The Katakturuk Dolomite records an unsurpassed history of Neoproterozoic passive-margin cyclic sedimentation in Arctic Alaska and offers new insights into the evolution of Precambrian carbonate platforms in response to interpreted eustatic sea-level changes. The Katakturuk depicts a south-dipping, low-angle, distally steepened carbonate ramp complex with a complete spectrum of facies types, from proximal, updip tidal-flat complexes to distal, downdip, sub-wave-base allodapic turbidites, debates, and rhythmites. The ramp margin is marked by thick stacks of amalgamated grainstone shoal complexes separating distally steepened downdip facies from ramp-interior facies. Using analysis of cycle stacking patterns, the 2500-m-thick Katakturuk can be subdivided into four second-order supersequences (of roughly equal thickness), each of which is made up of two to four third-order sequences (average a few hundred meters thick).
The high-frequency cyclic architecture of a single third-order depositional sequence (lower gray craggy dolomite member) provides an example of systems-tract development in the Katakturuk Dolomite. On the basis of physical bounding surfaces, two types of cycles are recognized: cycles bounded by marine flooding surfaces across which subfacies deepen, termed “subtidal cycles”, and “peritidal cycles”, that are bounded by subaerial exposure surfaces (e.g., peritidal lamjnites). The systematic vertical variation in cycle type (peritidal vs. subtidal) and cycle thickness, combined with vertical subfacies trends and the recognition of significant subaerial exposure surfaces (karsts, stacked tepees or peritidal breccias) define the transgressive and highstand systems tracts of thirteen third-order depositional sequences. The third-order sequences in tum stack to build larger second-order accommodation cycles. Coinciding second-order and third-order rises in relative sea level resulted in two major backstepping events, which were recorded in the deposition of outer-ramp slope facies directly on peritidal facies. The top of the Katakturuk is marked by a complete spectrum of karst facies, representing a supersequence lowstand superimposed on a third-order late highstand.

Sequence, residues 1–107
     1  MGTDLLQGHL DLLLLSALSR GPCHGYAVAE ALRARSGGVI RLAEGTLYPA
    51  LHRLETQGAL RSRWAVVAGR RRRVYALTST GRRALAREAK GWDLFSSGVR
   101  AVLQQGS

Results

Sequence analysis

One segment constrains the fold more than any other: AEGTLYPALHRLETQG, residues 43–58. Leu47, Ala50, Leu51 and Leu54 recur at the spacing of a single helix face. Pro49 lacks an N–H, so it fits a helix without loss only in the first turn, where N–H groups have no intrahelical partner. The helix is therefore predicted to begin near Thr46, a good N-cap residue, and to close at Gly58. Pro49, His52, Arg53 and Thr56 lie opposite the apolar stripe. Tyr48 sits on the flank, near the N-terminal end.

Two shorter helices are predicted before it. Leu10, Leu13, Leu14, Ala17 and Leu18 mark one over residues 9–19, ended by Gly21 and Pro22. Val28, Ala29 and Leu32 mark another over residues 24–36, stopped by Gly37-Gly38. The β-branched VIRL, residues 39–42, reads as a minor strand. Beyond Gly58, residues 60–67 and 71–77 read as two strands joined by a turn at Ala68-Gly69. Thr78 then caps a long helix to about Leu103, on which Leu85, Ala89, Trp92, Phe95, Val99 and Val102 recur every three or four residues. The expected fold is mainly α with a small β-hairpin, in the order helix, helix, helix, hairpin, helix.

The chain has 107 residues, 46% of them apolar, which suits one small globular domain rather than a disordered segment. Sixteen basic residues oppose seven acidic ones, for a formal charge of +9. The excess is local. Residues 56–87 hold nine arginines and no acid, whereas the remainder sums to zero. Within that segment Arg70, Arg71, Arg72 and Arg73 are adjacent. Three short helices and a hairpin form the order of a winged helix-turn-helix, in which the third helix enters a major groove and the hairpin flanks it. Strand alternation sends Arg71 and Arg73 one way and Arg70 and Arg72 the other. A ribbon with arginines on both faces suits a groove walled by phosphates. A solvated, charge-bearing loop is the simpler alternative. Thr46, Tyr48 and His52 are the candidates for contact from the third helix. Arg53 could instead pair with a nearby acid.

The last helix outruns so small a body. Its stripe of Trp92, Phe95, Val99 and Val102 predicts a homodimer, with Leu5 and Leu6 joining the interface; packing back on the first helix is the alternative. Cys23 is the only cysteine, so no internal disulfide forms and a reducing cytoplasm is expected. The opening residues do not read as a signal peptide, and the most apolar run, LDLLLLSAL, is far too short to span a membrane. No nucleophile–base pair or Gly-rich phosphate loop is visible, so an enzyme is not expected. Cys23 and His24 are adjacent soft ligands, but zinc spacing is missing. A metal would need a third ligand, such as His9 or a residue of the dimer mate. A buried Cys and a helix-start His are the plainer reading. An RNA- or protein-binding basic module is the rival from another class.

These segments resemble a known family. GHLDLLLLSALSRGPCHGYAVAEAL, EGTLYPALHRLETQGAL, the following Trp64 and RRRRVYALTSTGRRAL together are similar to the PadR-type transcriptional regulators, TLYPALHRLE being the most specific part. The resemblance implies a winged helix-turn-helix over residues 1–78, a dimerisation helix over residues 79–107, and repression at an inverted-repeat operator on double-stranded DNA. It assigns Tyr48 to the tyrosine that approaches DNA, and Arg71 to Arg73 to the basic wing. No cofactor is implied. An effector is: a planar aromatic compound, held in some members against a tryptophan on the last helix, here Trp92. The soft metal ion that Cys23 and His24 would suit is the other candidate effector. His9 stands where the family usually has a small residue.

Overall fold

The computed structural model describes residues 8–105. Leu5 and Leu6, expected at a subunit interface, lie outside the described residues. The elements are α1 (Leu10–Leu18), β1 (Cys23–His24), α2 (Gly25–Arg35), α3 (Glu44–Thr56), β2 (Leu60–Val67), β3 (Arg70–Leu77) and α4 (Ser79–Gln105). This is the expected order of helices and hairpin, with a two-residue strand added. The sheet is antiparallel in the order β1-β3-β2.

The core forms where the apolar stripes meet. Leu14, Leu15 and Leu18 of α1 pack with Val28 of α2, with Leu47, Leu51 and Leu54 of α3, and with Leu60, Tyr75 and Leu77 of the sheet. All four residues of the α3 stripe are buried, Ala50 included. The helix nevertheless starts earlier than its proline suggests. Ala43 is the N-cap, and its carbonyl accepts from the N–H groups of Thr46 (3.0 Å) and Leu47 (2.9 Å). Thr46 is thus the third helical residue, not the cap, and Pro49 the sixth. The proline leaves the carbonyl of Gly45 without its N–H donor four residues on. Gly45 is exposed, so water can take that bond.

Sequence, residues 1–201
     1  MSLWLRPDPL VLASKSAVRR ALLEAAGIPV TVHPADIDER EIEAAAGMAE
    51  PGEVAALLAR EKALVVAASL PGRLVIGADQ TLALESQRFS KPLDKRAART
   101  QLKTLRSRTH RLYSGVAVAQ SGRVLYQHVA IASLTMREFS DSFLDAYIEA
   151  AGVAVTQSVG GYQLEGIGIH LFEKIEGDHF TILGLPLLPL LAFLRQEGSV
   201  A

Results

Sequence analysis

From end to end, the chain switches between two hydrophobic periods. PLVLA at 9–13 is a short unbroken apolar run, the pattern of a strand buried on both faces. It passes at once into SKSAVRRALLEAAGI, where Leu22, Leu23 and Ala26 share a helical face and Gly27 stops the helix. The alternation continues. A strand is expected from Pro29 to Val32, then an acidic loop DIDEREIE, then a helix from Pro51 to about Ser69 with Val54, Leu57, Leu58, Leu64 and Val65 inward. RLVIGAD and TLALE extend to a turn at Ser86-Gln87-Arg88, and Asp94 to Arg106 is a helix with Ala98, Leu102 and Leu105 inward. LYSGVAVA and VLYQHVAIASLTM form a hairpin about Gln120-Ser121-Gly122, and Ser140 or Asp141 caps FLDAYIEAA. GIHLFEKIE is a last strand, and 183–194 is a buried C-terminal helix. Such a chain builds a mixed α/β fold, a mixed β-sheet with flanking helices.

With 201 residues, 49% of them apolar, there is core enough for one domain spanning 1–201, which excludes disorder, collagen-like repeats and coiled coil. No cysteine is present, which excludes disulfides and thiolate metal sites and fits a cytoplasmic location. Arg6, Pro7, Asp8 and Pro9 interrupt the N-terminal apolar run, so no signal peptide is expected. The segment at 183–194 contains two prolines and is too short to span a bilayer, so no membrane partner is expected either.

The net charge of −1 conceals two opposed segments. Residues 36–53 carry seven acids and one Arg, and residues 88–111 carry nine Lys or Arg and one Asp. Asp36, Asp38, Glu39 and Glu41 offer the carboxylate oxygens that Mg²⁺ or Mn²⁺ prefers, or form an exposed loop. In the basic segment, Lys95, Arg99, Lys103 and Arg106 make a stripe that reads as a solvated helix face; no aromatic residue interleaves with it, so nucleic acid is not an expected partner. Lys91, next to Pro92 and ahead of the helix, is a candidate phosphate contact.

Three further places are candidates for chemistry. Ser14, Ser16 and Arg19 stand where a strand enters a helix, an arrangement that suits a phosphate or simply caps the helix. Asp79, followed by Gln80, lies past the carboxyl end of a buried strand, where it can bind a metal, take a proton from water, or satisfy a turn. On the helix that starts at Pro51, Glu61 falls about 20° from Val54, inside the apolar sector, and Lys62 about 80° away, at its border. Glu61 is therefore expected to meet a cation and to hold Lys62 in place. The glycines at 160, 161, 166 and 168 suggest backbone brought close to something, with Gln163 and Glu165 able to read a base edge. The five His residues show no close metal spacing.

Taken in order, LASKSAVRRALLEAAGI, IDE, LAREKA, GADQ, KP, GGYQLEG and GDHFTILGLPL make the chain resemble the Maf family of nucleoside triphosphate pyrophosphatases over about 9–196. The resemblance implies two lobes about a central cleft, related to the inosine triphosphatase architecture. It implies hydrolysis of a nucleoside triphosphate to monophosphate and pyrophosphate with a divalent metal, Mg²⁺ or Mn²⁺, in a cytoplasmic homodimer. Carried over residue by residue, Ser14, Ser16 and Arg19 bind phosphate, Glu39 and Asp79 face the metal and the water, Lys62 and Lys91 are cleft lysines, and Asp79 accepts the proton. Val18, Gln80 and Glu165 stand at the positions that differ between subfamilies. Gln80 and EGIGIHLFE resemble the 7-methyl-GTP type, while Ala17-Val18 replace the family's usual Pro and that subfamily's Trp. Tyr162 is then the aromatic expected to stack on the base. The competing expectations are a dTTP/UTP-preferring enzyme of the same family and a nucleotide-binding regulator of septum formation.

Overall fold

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Carbonate Sedimentation and Diagenesis in the Evolving Precambrian World
Carbonate Sedimentation and Diagenesis in the Evolving Precambrian World - Precambrian carbonates are usually regarded at the simple cousins of the sedimentary realm, composed of stromatolites and dolostones, texturally not challenging and commonly altered beyond recognition by the vagaries of time, diagenesis and metamorphism. However, these carbonates that formed deep in time are commonly exquisitely preserved and contain within them a record of the evolving young earth. SEPM Special Publication 67 explores these aspects. Resulting from a 1997 SEPM/CSPG symposium entitled? Precambrian Carbonates,? these 18 papers demonstrate the importance of understanding these rocks, since within them is contained a record of the early ocean, atmosphere, and biosphere.